Since I've been back, I've been keeping the practice up. Street shooting, in the moment. If anything, it's so easy with an iPhone and way less fussy than having to tote a camera around. And I haven't missed Instagram at all.
Back at the beginning of 2019, I took a basic sewing class at the New York Sewing Center. I decided, once and for all, that I would learn how to sew. My grandmother was an expert seamstress (she worked in a sweatshop in Chinatown in the 80s) and my mom was skilled enough that she made my Halloween costumes when I was a kid. It's been important to me to continue that knowledge, and I wanted to connect it to my interest in clothing and how it can be an expression of the self. It seemed appealing to have full control over the fit of my clothing and to choose the fabrics and finishes myself.
I love the process of learning how to do something that's new to you. At first you're really excited about it, and you dive into the process. At some point, you hit a level of frustration because you can't make what you had in your mind, or you don't even understand what it is that the instructions are telling you. You're about to give up, you're so annoyed. But you ignore the frustration and keep trying, and you get better at it, and suddenly you're on the other side. And that feels amazing.
Through a lot of trial and error, watching YouTube videos, ordering sewing machine parts on random web sites, poking myself five hundred times with pins, reading books, and scouring forums late at night, I managed to make two pairs of pants and a bunch of shirts this year. The second pair of pants fits me perfectly and they're the most beautiful color. I'm so excited that I have a general sense of sewing techniques and the shape of the craft of sewing. I've put a bunch of projects into the hopper and can't wait to get started.
Did you get a whiff of autumn in the air the other day? I certainly did, and memories of going back to school came flooding back to me. It's especially poignant because I'm going to be on the other side of the lectern this year teaching an evening undergrad class — Interaction and Communication — at the School of Visual Arts.
Why teach, and why now? I'll admit that for years I've considered teaching but I've often lacked the confidence and motivation to do it. As an introvert it was a scary prospect to have to stand in front of a group of people and capture their attention for hours at a time expounding on a topic. I always felt like I needed to be more of an expert...well, at basically everything. I've come to the conclusion that the feeling will never go away and it's better to interpret it as a desire to learn. Having to be responsible for someone's educational experience seemed like a huge burden that I wasn't ready to take on.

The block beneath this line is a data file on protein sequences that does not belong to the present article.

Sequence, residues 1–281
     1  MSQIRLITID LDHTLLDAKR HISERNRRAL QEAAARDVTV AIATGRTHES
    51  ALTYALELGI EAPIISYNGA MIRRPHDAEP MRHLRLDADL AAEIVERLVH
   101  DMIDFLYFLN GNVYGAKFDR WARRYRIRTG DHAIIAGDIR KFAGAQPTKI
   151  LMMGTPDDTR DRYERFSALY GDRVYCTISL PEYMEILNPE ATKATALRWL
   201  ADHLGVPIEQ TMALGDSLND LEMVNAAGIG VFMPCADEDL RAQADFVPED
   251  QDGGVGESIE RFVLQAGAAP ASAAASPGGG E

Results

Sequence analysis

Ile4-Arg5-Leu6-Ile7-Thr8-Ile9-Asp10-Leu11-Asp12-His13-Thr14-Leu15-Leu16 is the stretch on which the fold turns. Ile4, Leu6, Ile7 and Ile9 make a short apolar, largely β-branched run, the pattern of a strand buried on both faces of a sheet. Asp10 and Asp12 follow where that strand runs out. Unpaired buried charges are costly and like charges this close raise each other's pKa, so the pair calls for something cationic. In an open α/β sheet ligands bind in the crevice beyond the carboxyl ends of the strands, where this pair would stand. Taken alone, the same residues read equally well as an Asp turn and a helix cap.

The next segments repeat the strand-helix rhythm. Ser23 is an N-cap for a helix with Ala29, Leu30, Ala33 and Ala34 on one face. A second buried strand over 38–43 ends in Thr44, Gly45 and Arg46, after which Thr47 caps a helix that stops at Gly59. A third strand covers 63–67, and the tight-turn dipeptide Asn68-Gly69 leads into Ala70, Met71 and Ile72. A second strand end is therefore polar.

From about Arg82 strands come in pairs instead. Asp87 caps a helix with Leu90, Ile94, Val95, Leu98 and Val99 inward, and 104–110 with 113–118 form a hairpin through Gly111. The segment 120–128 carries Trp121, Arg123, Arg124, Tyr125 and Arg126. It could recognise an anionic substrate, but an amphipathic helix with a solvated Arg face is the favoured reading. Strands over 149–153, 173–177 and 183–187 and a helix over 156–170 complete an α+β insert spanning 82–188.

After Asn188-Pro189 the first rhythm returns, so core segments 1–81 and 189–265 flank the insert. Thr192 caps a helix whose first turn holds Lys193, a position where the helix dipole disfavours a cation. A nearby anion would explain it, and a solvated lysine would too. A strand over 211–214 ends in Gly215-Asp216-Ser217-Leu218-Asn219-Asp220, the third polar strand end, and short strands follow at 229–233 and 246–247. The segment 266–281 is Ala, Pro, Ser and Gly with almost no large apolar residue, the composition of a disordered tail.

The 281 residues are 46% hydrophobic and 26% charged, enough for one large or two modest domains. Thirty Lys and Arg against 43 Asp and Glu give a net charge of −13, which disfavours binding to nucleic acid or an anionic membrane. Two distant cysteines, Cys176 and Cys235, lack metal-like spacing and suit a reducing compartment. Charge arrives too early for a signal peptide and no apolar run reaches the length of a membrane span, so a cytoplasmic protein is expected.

And that's exactly why this moment feels like the right time to teach. Given that many of these students will end up in the tech industry, what questions are they asking about what they're designing? These are the students that will one day be shaping the experiences of millions (if not billions) of people. Will they be asking the "for whom" and "why" questions, the really hard ones? Design shouldn't just be paying lip service to empathy. If designers are supposed to be user advocates, we need to do a better job as a discipline to consider those questions and be prepared to persuade our colleagues to stand behind them. Asking these questions from the beginning means we're making products, services and systems more humane - in the sense that we're making them for all humans, not just a small privileged subset of them.
And this starts at the foundation. Students need to get comfortable asking "for whom" and "why" from the beginning; of course the "how" is important, but the most beautiful app that has really clever interactions is abhorrent if it supports and enables harassment or discrimination. It's so important to understand how to critically think about the existing structures and systems around us and imagine different experiences and outcomes.
So yea basically I needed to get over my fears because this is so much bigger than me.
At SVA there's complete freedom to build the course curriculum and set grading policies, and they believe that the most effective teachers are active practitioners in the field. On one hand that's awesome, the curriculum can emphasize what I believe are the essential principles in approaching design and I can choose exactly how to structure the course. It's also incredibly daunting to write a course from scratch - the first thing a friend of mine who's taught undergrad said to me is "don't write your own curriculum from scratch the first semester you teach, I really regretted that." Sooo what am I doing? Ignoring that advice. (Mainly because there *is* no standard course to base anything off of, every section is unique to the instructor.)
Derrick and I have been shaping the syllabus over the course of the summer and it reminds me a little bit of the process of doing a perspective drawing. Find the measure, mark off the drawing surface with the measure, and roughly lay out the structure. Then go back in and layer on details with increasing fidelity while keeping the whole drawing in mind - you never focus too much on one spot or it'll become unbalanced. But it's ok to not work up the entire drawing in excruciating detail, it's finding the right places to add that detail. You have to periodically fuzz your eyes out a little bit to see the big picture.